J’Ali Thornton loves sports, particularly football and basketball. When the wiry, energetic 9-year-old is not in school, he’s usually absorbed in a ball game with his friends. But when J’Ali starts to have trouble breathing, he often doesn’t want to stop playing.
“It’s s very scary thing,” said his mother Latrina Thornton, who lives on the Northwest Side. “His asthma is very severe … When I take him to urgent care, they have to rush him to the back for his breathing treatment.”
From J’Ali’s perspective, the hardest part of having asthma is that “it makes me slower sometimes and I run out of breath fast and sometimes it gives me a migraine so I can’t think in school.”
Thornton, who has a 20-year-old daughter in college in Indiana and five sons ranging in age from 2 to 18 at home, owns a daycare center where she works full time. Emergency visits to the hospital with J’Ali typically take four hours, and last year she took him to urgent care “maybe once a month.” Sometimes she has to call her clients and tell them she has to close the center to care for J’Ali. “It’s worth it because this is his life,” Thornton said.
Children’s Hospital of Wisconsin is launching a new research study that aims to reduce the health risks and economic burden of asthma in children such as J’Ali. Funded by a $1.25 million grant from the Greater Milwaukee Foundation, the five-year study will focus on identifying and reducing irritants that trigger asthma in the home.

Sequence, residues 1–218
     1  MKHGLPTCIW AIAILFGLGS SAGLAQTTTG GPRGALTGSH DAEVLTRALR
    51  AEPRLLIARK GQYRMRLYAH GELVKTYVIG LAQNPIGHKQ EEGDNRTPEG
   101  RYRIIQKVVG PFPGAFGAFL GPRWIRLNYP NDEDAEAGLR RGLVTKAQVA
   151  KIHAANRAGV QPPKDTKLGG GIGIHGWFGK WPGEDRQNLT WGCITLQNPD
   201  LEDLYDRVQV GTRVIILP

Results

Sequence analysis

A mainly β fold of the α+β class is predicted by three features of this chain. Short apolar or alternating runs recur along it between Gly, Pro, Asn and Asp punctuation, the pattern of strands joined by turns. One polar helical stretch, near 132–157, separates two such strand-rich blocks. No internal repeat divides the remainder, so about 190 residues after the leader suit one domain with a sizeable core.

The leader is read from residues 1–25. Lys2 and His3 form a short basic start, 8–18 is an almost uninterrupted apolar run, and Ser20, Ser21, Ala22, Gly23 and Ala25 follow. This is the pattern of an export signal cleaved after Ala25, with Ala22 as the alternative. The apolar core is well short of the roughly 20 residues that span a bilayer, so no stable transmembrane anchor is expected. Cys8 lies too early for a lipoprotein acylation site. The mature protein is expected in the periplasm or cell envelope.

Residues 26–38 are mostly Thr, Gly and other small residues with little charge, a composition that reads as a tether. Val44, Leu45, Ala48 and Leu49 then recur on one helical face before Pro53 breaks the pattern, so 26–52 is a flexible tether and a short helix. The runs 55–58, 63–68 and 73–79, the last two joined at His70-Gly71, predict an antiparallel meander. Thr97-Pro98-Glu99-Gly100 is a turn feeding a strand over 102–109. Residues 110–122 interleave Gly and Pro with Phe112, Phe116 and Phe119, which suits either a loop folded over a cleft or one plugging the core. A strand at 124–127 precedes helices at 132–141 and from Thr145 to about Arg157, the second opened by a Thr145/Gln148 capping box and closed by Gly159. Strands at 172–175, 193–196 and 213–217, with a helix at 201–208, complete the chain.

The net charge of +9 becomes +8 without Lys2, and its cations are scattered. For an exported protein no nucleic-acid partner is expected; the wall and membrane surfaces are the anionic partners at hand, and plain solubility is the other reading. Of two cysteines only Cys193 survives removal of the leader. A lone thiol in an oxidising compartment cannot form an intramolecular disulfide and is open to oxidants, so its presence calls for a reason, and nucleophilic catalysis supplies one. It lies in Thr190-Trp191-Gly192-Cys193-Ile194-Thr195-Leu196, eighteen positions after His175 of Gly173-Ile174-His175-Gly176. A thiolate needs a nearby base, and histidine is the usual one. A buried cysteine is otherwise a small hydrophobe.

“Research shows that asthma disproportionately affects communities of color with devastating impact,” said Ellen Gilligan, executive director of the Greater Milwaukee Foundation. “African-Americans have the highest prevalence of asthma, are hospitalized at five times the rate of white patients and are four times more likely to die of asthma,” she added.
Asthma, a chronic lung disease that inflames and narrows the airways and causes recurring periods of wheezing, chest tightness, shortness of breath and coughing, affects people of all ages, but it most often starts during childhood, according to the National Heart Lung and Blood Institute. In the United States, more than 25 million people are known to have asthma and about 7 million of those are children. In Wisconsin, Milwaukee County had the highest rate of hospitalization for asthma and the second highest rate of emergency room visits, after Menominee County, from 2012 to 2014, according to the latest Wisconsin Department of Health Services asthma statistics report.
Gilligan noted that every time a child has an asthma attack, the child misses school and the parents potentially miss work and other things that have a great impact on their finances.
Children’s Hospital allergists Heather Hartman and Mitchell Grayson, who designed and will direct the study, had been trying for a couple of years to get it funded, according to Hartman.
The new study, which will focus on children ages 7-13, is part of a larger Children’s Hospital asthma study of people ages 2 to 40. Both studies work through an ongoing program of Fight Asthma Milwaukee (FAM) Allies, a community health advocacy organization and asthma coalition, where Grayson is the medical director. Asthma educators from the FAM Allies program provide in-home education and environmental assessments to patients with uncontrolled asthma.